Your LinkedIn page is your resume. It’s in real time, and accessible to recruiters around the world 24/7. Not only is LinkedIn a great place to showcase your professional brand, it is also filled with career coaches, mentors, recruiters, HR professionals and professional development geeks. If you stay active or LinkedIn, and make networking via their platform part of your regular behavior, then when you need to transition, it will be easier to tap into a warm network, versus a cold one, where you haven’t checked in since your last performance review.
BONUS: LinkedIn recommends jobs for you from time to time based on your profile
4. Act like an at-will employee. Most of us working for a salary fall under the category of an at- will employment agreement, but few of us take time to truly appreciate what this means. For your employer, this means that you can be fired at any time for anything, regardless of if it’s “fair” (within the bounds of the law).
For the employee, this also means you can quit your job under those same guidelines. The working relationship is fragile, and the power dynamic is more balanced than you may sometimes realize. Your employer hired you because you have skills, qualities, and experience that they need in order to progress and grow. That makes you valuable to them. If they fire you, it means your value has decreased. If you are ready to quit, it means that the experience they are providing you has decreased in value.
You can quit your job at any time. That’s ownership. That’s autonomy.
Separation occurs when the value proposition for one party decreases below an acceptable threshold. Do you know what your threshold is? Are you seeking out increased value from your employer? Are they receiving increased value from you? When the value proposition on either side is compromised, for whatever reason, the at- will contract gives either side authority to end the relationship. ie. You can quit your job at any time. That’s ownership. That’s autonomy.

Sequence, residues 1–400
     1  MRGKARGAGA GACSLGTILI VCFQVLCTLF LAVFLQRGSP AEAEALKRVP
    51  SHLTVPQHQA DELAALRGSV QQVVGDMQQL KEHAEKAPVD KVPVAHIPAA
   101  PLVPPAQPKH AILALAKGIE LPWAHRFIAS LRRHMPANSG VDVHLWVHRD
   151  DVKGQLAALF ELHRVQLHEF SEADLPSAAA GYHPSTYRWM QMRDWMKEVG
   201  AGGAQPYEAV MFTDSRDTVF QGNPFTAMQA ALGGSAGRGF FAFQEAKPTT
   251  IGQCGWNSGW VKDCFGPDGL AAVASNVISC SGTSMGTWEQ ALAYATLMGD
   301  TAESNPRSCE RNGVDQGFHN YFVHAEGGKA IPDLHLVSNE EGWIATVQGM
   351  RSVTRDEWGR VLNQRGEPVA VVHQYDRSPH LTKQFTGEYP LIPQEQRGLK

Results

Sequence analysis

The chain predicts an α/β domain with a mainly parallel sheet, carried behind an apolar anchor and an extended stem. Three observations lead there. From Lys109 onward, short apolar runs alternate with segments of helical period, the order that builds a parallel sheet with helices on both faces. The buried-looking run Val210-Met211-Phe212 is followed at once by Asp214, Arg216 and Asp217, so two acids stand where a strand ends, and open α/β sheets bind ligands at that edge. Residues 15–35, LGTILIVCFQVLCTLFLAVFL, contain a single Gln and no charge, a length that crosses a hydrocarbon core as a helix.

5. Demand feedback and hear it out. If they fire you and you are surprised, then it means either A) You didn’t heed the signs OR B) They didn’t give you any signs. Feedback provides you with the signals you need to evaluate how you are adding value to the company. If your manager is not telling you what to do to improve performance and add value, it is your responsibility to demand constructive feedback. If you don’t know what the company needs or wants, how can you continually add value? You can’t. Likewise, if someone takes the time to give you constructive feedback, but you do not take the opportunity to leverage it to grow your value for the organization, that failure, is on you.
Caveat: If you demand feedback and your managers (direct or otherwise) are not able to articulate what the company wants and needs, RUN. You cannot build a masterpiece without the blueprints. If they don’t know what they need, then they can’t tell you. This is when the answer to “should I quit my job?” is a resounding YES.
You Are Your 1st Career Coach
- Am I prepared to quit?
- Do I want to be independent?
- Should I start a small business?
- If fired, how will I survive financially?
The questions are hard, but the answers are the difference between trepidation and liberation. Choose the latter.
Do you have a great “just got fired” story? When a door closes, another opens. What have some of your firings led you to?